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According to the great Christian theologians, like Augustine and Aquinas, the most difficult to understand issue in the whole Christian story (why we needed Christ's redemption) was dumbed down so that the people of the day, nomadic Israelites, could understand it.
This is an extremely profound thought. Think about it.
How could their all powerful, loving God be put in such a position that he had to subject his only son to terrible agony and death? Who else could impose such a requirement on Him? There must be a more powerful force being exerted on him? Some say this is simply his nature: He is so fundamentally good that this is the only way that the stain of his creation of humanity can be erased.
The basic most fundamental Christian notion is that somehow early humans did something so terrible to God that they were sentenced to eternal damnation. Consequently, we are all born guilty of this most terrible crime, and subject to the punishment.
At this point we have to abandon all our modern notions of justice and accept the antediluvian concept that this act was so egregious that even our beautiful newborn baby daughter who knows nothing of the world will be punished like this: if she does not accept that she was saved from it by a divine sacrifice.
We will never even know what this crime was, because somehow it is too difficult to explain to us mere humans. Therefore, the authors of the Bible invented a children's fairy tale to explain it.
And so we received the story of Adam and Even in the Garden of Eden, talking snake and all. Very simple and easy to understand, but the terrible crime was reduced to a simple disobedience of a command of God.
Obviously, the real offense was nothing to do with an apple, but something infinitely more serious.
Having committed that awful, crime there was no way out of the punishment for humans under their own power, and a Godly/human sacrifice was the only answer.
Huh! No one can explain where that rule came from?
The Creation story is in an earlier chapter of the book of Genesis, but the idea is the same: a simple explanation for an ancient flat-earth tribe who could not have begun to understand about particle physics, the big bang, special relativity, gravitational attraction of orbital space debris in the solar system, or quantum mechanics. Most of us do not really understand about those things now either, although the better educated do believe that they exist, and can be used by those who do really know to account for most of the story of the creation of the earth. To date, the remainder of that story is concentrated in the first few nanoseconds of the Big Bang, and is being further reduced by science: using the Large Hadron Collider.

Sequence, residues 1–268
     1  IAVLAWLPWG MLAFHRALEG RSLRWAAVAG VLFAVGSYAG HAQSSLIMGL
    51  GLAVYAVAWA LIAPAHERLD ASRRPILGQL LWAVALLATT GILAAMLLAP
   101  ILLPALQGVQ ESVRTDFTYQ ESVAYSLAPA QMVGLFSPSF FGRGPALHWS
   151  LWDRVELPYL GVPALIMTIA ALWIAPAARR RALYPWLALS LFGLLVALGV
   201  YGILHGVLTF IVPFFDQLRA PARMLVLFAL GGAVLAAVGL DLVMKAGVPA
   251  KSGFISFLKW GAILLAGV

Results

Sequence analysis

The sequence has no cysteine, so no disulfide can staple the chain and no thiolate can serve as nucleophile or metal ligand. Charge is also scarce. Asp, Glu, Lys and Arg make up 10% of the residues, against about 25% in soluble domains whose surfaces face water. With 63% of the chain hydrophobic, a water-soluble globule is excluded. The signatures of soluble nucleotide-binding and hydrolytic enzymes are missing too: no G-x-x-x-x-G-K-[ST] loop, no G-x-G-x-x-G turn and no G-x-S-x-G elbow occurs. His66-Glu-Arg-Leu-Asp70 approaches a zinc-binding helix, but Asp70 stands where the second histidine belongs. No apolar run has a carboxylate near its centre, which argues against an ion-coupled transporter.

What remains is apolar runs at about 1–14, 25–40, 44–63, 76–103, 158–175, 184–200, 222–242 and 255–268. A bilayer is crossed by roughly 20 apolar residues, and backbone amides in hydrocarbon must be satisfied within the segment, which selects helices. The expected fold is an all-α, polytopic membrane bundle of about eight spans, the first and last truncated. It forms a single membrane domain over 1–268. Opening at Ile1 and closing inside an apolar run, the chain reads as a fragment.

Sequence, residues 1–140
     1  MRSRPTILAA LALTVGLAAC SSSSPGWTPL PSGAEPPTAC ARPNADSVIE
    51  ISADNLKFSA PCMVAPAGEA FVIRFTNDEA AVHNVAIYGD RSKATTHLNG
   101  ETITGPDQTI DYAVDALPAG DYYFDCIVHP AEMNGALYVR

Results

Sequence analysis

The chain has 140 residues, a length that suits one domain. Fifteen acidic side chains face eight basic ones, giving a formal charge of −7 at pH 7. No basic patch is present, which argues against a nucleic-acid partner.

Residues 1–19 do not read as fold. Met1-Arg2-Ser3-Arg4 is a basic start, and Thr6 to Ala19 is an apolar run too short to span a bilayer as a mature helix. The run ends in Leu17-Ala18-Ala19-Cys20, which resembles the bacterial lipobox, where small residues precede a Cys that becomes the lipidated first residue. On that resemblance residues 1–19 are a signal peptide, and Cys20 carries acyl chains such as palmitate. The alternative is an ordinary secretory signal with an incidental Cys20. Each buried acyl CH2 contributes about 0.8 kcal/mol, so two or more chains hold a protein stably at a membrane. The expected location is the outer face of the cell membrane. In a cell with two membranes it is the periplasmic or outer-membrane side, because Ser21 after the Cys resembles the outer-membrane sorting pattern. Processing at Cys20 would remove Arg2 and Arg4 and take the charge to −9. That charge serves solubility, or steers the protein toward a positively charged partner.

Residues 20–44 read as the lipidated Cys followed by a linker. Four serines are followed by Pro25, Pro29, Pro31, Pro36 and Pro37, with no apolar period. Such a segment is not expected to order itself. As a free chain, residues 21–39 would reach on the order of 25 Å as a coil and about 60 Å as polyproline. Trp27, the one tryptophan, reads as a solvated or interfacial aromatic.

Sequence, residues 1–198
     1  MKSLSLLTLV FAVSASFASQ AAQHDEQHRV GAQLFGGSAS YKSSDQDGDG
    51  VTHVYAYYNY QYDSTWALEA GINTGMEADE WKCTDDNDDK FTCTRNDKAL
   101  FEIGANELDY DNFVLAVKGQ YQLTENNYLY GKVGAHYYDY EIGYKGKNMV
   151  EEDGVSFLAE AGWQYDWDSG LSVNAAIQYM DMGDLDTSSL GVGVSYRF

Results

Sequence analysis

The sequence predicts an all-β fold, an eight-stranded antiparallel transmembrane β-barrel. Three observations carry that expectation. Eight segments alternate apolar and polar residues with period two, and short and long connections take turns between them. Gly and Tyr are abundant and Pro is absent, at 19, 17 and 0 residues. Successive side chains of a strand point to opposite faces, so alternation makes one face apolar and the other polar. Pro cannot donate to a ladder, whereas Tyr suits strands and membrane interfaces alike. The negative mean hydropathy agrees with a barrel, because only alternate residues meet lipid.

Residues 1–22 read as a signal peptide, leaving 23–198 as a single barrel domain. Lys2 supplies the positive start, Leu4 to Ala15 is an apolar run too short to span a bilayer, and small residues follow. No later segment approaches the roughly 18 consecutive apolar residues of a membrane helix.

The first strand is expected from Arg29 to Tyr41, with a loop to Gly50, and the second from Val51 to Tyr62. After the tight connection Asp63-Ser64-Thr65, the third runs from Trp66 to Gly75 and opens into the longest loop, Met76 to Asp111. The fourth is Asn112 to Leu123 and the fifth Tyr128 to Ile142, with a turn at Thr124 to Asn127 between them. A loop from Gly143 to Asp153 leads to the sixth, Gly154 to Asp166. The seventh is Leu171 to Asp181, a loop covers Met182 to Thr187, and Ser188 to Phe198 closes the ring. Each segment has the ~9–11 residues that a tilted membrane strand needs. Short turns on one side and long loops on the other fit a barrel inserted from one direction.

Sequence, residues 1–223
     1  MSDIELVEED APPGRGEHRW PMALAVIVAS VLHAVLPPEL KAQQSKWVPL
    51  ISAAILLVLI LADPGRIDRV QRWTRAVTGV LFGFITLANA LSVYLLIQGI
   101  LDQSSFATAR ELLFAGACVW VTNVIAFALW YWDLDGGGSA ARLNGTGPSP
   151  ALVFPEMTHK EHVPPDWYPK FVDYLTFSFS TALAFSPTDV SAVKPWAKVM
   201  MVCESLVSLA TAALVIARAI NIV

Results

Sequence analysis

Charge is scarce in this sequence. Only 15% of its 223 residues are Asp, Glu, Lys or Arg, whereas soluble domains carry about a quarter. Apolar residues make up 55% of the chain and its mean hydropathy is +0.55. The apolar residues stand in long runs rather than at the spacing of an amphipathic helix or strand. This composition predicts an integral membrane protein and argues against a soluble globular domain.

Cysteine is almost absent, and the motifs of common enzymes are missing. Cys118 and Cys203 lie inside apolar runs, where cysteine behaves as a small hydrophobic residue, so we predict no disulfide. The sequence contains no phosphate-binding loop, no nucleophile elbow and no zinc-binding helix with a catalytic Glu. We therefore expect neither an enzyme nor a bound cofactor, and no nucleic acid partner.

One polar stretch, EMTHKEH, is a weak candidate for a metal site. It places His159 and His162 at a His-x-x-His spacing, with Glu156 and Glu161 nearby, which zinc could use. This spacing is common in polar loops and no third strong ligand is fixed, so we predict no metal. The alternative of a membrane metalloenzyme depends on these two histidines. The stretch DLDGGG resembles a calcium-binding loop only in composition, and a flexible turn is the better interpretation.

So, science has finally given us the incredibly complex story of the Earth's and Universe's creation that the authors of Genesis rightly considered to be beyond the comprehension of their audience.
Similarly, science is currently giving us the full story of the creation of mankind and all the animals and plants.
This also is an incredibly complex story that can only be understood by the few people who have a deep education in microbiology, genetics, etc. The rest of us can understand a broad explanation from the scientists and have to trust them for the rest.
Of course the ancient Israelites could not have accepted such an explanation.
So now the requirement is to discover the real explanation for the redemption story: the one that could not have been understood by the ancients. Can science help us in this? Where should it start?
Or, would it be better to just pretend we are like those ancient Israelites and insist that the Genesis story is literally true, and no further explanation is required: faith. This is the line of the Young Earth Creationists.
My problem with that is that we modern humans have proved, by discovering the real story of creation, that we are not like those flat earth ancients, and there is no excuse for pretending that we are. *We can handle the truth!* Indeed, given the personal consequences, we are entitled to the truth.
Our modern notions of natural justice will make scientific discovery of the real story of the redemption much more difficult. We simply cannot accept the condemnation of a person (every person) for actions taken by other people thousands of years before they were born.
My opinion is that we will never get there. There is simply no hypothesis for salvation that can be tested by scientific experiment, publishing and peer review. No way of duplicating the initial conditions or reproducing the result, or even of knowing if we have achieved the result - until we are dead.